When the announcement came last Thursday that Queen Elizabeth II had died at the age of 96 I felt a bit of melancholy at the realization that a lifetime constant, though distant, was now gone.
Say what you want about the monarchy, it’s hard to deny that the Queen had shown considerable aplomb during her 73 years on the British throne – unlike some of her progeny and lesser royals. I pondered her well-established place in history for a moment or two and then went about my afternoon, some of it spent searching for photos from her trip to Yellowknife in 1994 with her late husband, Prince Philip, so we could put them in the newspaper.
I imagine many people had a similar reaction. The news was sad but not entirely unexpected. Most sense the significance, having known no other monarch their entire lives but the connection has grown faint, and increasingly complicated by Britain’s colonial history, particularly with Indigenous people. The fact is, the Monarchy in Canada is not very popular — a poll taken earlier this year found support among Canadians at only 21 per cent – and I doubt those numbers will improve now that Princess Diana’s ex-husband is on the throne.
Governments reacted by running in a hundred different directions trying to figure out the best way to respond without looking callous or foolish.
The territorial government notified staff just hours after the Queen’s death that effective immediately, all public announcements were to be put on ice for four days, as well as public events for possibly up to two weeks. This was bound to cause some confusion but I must give Premier Caroline Cochrane credit for not taking the bait offered up by Prime Minister Justin Trudeau, which, as per usual, devolved into another wedge people have been debating all week.
Earlier this week Trudeau decreed a third September holiday for federal workers, this time to mark the Queen’s death, declaring, “an opportunity for Canadians to mourn on Monday is going to be important.” He said the federal government was working with the provinces and territories to ensure they were “aligned.”
B.C., Yukon, Nunavut, Manitoba and the Atlantic provinces are all taking the day off, or at least their public sector workers will be, including in most cases, their schools. Ontario, Quebec, Alberta, Saskatchewan and the Northwest Territories will not.
No disrespect to the Royal Family nor anyone saddened by the Queen’s death but staying open on Monday during the Queen’s funeral is not disrespecting the Queen. It’s absolutely respecting taxpayers, parents and businesses in a territory that already recognizes two other statutory holidays in September – namely Labour Day and Sept. 30, National Day for Truth and Reconciliation, a new holiday enacted federally by Trudeau last year to recognize the tragic legacy of residential schools, which was also adopted by the GNWT.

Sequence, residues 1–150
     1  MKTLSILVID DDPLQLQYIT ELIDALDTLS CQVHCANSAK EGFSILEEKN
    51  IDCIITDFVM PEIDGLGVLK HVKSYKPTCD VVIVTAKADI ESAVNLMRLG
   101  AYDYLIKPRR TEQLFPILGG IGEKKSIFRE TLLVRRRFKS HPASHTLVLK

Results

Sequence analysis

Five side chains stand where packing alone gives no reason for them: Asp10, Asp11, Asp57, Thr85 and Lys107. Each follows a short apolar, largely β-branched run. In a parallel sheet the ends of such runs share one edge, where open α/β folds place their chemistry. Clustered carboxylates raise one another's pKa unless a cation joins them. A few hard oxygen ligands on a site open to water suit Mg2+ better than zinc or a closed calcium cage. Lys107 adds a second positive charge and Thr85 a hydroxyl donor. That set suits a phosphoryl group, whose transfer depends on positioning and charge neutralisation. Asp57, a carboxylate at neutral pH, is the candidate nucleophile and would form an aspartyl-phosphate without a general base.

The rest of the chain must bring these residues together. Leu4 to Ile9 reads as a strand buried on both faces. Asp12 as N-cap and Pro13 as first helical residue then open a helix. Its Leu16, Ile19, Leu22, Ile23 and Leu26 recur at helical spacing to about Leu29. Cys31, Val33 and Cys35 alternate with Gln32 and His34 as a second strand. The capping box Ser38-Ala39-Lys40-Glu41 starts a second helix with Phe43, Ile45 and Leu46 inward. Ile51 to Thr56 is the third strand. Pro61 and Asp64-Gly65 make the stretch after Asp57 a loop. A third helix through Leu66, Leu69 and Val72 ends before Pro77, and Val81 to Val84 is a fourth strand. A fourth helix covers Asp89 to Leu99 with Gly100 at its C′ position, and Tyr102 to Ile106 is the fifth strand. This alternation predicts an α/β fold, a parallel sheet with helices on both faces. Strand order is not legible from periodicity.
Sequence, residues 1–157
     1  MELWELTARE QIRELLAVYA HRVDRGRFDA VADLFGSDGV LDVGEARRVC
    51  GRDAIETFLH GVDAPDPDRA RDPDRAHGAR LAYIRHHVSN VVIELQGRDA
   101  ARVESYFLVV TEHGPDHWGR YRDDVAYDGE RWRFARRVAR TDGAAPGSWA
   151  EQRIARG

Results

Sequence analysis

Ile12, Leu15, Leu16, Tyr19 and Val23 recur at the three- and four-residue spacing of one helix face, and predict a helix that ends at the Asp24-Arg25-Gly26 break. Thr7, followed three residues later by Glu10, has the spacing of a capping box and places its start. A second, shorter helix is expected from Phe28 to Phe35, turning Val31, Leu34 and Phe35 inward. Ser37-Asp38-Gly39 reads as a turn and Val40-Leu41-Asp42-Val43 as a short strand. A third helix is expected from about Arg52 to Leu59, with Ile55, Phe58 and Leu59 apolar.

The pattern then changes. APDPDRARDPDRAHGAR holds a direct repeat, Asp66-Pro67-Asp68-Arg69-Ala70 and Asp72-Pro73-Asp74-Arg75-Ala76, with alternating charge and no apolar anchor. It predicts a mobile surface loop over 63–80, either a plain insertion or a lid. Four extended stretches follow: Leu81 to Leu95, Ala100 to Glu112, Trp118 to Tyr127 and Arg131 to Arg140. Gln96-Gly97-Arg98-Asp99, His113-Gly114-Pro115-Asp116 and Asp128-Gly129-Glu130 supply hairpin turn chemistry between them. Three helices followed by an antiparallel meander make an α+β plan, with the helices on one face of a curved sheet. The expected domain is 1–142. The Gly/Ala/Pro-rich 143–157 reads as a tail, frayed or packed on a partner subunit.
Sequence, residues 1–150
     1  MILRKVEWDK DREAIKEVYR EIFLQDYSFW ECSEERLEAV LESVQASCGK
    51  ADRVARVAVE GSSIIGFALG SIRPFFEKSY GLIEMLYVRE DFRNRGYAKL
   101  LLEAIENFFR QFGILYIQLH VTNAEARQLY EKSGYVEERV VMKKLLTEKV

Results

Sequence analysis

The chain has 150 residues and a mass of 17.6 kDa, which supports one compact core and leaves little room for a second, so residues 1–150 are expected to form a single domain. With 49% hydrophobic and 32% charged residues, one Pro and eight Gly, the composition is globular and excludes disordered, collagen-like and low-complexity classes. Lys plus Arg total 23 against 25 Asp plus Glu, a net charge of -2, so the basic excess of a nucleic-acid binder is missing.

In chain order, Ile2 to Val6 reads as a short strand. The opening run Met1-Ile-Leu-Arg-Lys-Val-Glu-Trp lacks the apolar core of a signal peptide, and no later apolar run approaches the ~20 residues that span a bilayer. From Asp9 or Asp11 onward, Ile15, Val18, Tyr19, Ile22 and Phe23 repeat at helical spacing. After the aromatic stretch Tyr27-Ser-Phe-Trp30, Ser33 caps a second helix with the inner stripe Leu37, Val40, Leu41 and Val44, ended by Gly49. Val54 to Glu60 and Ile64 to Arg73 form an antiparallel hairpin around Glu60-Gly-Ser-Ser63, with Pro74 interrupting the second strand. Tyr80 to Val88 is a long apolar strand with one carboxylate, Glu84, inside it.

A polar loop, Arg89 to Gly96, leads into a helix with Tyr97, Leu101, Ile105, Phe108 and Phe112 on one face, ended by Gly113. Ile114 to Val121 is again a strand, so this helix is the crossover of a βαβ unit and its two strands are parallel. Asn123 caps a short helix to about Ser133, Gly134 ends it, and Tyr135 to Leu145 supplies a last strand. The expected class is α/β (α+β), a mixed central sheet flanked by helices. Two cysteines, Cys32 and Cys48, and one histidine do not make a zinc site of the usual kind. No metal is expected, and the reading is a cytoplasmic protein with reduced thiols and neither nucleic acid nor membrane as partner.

The reality is, after two, long years of Covid, the prime minister’s pronouncement for an unplanned statutory holiday exposes the divide between the public and private sector even further.
It’s no skin off a department manager’s back to shut the office down for one more September stat but if you’re a small business owner struggling to make payroll, it’s one more day out of the month you’re no closer to reaching it, not to mention parents who now must scramble to find daycare if they need to work.
My children’s school hosted an open house Wednesday night where I was not surprised to learn that many students have fallen behind after losing more than 100 days of class due to Covid, so it’s hard to see why they would need another unplanned day off from school – even if it’s for the Queen.
And we all know what people across Canada are going to do with their day off Monday. The likelihood that they will spend the day mourning the Queen is about as likely as me throwing down my fishing rods and taking up knitting.
This will be one last long weekend at the cabin. Maybe a family cookout, if the weather is nice. An extra day to clean up the yard before winter. Sure, they may glance at their phones once and while to see if Meghan Markle showed up for the funeral, but only the most ardent royal diehards will be spending the day following the procession.
I don’t think people should be blamed for taking advantage of another day off but I do blame government for creating this expectation, especially after Trudeau enacted National Truth and Reconciliation Day last year and then spent the day surfing. If the prime minister won’t show respect on a day meant to be spent reflecting on Canada’s residential school past and its deplorable treatment of Indigenous peoples then how can we expect the public to do likewise?
Maybe the federal government can do something more meaningful this Monday than sending its workforce home –providing a national memorial book, perhaps, or encouraging a letter of condolences campaign in Canadian schools.
Cochrane was right not to jump onto the bandwagon, creating problems for businesses and parents. We don’t need an impromptu holiday to mourn the Queen.